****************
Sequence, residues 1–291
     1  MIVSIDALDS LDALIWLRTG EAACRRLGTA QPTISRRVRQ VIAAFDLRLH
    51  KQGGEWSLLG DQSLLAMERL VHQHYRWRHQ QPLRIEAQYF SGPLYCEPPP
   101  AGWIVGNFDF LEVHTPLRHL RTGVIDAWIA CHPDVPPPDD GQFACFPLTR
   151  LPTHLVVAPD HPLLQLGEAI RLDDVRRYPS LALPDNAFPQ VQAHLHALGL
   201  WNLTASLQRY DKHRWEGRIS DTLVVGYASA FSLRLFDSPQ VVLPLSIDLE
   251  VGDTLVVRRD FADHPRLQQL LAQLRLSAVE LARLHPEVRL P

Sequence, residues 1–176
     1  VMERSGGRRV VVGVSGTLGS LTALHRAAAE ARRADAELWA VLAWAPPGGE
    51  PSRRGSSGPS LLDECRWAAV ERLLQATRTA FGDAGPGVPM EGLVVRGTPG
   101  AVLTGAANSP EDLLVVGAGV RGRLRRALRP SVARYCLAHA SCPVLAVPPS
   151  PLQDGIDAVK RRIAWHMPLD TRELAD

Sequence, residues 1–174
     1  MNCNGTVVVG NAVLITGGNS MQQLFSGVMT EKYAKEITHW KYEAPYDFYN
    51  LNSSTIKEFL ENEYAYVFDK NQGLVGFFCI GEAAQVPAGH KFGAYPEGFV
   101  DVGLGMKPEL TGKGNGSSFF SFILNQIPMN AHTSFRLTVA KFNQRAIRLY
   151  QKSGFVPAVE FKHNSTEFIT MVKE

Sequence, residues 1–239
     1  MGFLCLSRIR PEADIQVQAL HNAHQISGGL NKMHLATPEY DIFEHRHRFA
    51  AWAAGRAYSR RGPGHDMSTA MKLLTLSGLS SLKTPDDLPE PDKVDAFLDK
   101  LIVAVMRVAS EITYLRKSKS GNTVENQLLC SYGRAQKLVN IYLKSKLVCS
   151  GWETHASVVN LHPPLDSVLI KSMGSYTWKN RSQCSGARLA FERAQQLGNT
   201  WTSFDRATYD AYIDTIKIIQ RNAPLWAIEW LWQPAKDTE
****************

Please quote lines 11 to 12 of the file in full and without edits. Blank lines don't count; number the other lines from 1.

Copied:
   101  AVLTGAANSP EDLLVVGAGV RGRLRRALRP SVARYCLAHA SCPVLAVPPS
   151  PLQDGIDAVK RRIAWHMPLD TRELAD